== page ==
Is it safe to skate in the rain or on wet surfaces?

Rollerskating on wet or damp surfaces creates extra challenges in stopping, turning and striding, whether you’re on quads or inline skates, so it’s useful to know how to adapt your skating so you can still get home when caught in the rain.

You can make equipment adaptations to skate in the rain and also change your technique for certain moves to reduce the risks. The metal parts of your skates, particularly the bearings inside your wheels will suffer from getting wet so cleaning your skates should be a part of your wet skate routine.

What are the challenges of skating in the wet?

1. Slippery surfaces

The most important difference you’ll feel skating on wet ground is that every surface will become more slippery. This will affect inline skate wheels more than quad skate wheels because inline wheels are curved in profile and the mechanics of inline skating creates tilting the wheels, and this is where slipping is most acute.

Each type of surface will be slippery to different extents making it difficult to predict in advance. The smoother the surface in the dry, the more slippery it will be when wet. Take particular care on polished stone, marble and indoor surfaces which are the most slippery of all.

2. Skating stride

It’s much harder to create propulsion (i.e. the ‘push’ forward) when skating in wet conditions. When you push out to the side for a normal skating stride you might find yourself in an unwanted slide (especially on inlines) which can put you off balance and make it easier to fall over

The common problem that many inline skaters have of pronating on a slight inside edge becomes critical in the wet. When the pushing skate regroups in the centre it must be placed on an upright, centre edge which is the only safe place to glide when on a wet surface.

An upright wheel cannot slide so skating on centre edges is the challenge.

Watch this video tutorial on how to skate correctly without pronation:

Video tutorial: How to skate correctly without pronation on inline skates

3. Stopping

As with all forms of moving transport, stopping distances in the wet are much longer and this is the main danger of skating in damp conditions. Stopping distances can be up to up to three times longer than in dry conditions (from the same speeds).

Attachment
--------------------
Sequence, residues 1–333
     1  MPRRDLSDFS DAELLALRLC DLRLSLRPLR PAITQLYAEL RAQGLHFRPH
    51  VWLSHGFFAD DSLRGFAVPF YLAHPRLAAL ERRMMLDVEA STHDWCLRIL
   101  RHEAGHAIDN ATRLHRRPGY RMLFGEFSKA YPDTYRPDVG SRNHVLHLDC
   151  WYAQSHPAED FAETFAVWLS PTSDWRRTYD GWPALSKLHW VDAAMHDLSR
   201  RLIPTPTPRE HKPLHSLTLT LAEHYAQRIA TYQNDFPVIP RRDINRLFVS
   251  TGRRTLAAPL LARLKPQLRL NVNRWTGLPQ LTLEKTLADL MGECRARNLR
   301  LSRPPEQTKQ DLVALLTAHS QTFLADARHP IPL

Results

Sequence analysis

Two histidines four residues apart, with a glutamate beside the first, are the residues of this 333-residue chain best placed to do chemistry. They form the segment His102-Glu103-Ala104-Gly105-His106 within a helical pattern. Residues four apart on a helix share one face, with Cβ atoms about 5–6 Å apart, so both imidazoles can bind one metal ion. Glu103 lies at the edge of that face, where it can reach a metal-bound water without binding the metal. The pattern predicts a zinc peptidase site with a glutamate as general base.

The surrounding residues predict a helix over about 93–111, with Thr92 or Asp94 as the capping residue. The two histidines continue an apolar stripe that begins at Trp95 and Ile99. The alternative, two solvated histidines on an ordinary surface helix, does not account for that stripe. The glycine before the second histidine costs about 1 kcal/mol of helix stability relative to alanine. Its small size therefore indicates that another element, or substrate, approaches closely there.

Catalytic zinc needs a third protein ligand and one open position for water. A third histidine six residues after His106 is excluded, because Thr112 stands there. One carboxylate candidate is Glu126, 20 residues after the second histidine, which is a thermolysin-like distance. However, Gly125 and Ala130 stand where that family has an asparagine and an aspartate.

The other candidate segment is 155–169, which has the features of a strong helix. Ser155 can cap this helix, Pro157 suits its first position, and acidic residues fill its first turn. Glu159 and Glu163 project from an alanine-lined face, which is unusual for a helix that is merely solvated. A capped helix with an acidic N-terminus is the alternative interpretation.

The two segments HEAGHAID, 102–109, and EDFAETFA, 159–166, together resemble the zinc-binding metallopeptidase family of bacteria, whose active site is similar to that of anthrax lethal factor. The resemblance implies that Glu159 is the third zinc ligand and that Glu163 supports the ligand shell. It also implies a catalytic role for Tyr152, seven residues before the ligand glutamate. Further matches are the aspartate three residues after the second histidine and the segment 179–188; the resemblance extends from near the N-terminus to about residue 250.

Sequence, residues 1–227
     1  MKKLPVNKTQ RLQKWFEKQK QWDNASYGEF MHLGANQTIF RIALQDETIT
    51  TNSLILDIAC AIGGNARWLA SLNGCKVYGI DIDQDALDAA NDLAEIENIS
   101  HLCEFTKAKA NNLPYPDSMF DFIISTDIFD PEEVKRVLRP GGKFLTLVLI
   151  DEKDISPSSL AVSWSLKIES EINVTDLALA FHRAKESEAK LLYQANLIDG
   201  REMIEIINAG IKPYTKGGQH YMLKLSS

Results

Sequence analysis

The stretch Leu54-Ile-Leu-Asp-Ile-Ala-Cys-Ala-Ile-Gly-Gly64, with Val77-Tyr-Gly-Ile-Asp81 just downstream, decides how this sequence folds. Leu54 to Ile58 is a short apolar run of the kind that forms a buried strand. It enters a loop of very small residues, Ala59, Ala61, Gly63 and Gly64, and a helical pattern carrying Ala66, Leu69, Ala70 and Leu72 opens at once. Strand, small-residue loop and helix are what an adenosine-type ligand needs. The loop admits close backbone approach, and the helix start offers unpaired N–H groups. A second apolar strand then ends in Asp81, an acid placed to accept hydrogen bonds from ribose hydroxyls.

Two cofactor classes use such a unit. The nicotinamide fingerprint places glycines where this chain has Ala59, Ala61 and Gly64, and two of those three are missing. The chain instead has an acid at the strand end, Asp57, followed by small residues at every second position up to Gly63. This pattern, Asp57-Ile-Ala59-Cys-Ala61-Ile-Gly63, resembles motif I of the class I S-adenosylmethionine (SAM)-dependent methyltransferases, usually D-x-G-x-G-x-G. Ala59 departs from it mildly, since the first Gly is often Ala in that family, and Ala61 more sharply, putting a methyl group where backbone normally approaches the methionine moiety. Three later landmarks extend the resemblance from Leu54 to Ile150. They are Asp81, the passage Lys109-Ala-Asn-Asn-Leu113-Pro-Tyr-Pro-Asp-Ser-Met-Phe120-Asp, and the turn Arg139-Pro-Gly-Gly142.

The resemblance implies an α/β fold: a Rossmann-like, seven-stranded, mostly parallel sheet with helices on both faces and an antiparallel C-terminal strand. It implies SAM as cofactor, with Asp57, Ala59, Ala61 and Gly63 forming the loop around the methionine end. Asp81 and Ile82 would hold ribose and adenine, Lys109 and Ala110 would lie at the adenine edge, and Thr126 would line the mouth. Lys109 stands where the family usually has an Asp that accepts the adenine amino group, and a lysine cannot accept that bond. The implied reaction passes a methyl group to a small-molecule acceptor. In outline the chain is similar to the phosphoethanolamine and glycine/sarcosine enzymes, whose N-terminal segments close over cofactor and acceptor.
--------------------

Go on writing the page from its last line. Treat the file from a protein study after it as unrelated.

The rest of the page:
Not all stopping methods are appropriate if you’re going to skate in the rain.

The best stopping methods on skates for wet conditions are those that already involve sliding one skate:

  • T-Stop
  • Powerslide
  • Soul Slide.

These will however slide much further before actually stopping you, so you need to make sure you are completely balanced in each slide position.

In this YouTube tutorial on how to stop using the T-Stop and Powerslides I go through the steps to safely learn both stopping methods. 

Video tutorial: How to T-Stop and Powerslide on inline skates

Any weaknesses in your technique will become exaggerated in the wet. Sliding stops where both skates are sliding e.g. Parallel slide, Hockey stop or Magic slide will be much more challenging to control on each slippery surface so go very gently on those. These are only used in the wet by extremely proficient skaters.

Of the non-sliding stops, the heel brake stop is the best choice for beginners in damp situations as the rubber brake will slow and stop you but again, it will take longer.

Top tip: Avoid all stopping methods that involve any turning or a wide stance like the plough stops. The tilted wheels (edges) in a wide stance will be much more likely to slide. 

4. Turning

All turns on inline skates usually involve tilting the wheels over onto the inside or outside edges of the wheels (like how a bicycle leans into a turn).

When you skate in the rain or wet conditions you should avoid edging and this creates huge challenges when trying to corner. In the wet you should avoid crossovers which demand edging and body rotation. To skate safely on damp surfaces your speed on turns should be much reduced.

This can be the case with shaded spots also, so take note of surface colour irregularities as they often show you where the damp is.

5. Equipment

Skating in the rain or even just on damp ground can affect your bearings and reduce their efficiency. After a wet skate it’s important to clean your bearings to ensure no permanent damage is done. Many explanations of this already exist online.

The durometer (hardness/softness) of your wheels will determine just how much grip your wheels are able to give you in the wet. A harder wheel will give you less grip than a softer wheel. Investing in a set of rain wheels will give you some extra grip. 

We recommend Powerslide Torrent Rain wheels which come in various sizes. 

How to skate in the rain if you have to?

1. Adapt your stride

To avoid over edging it’s important not to push out to the side as far as you would in the dry. Aim for a shorter stroke and higher cadence to create acceleration or maintain speed. It’s always advisable to skate much slower in the wet, unless in race conditions, because of the increased stopping distances.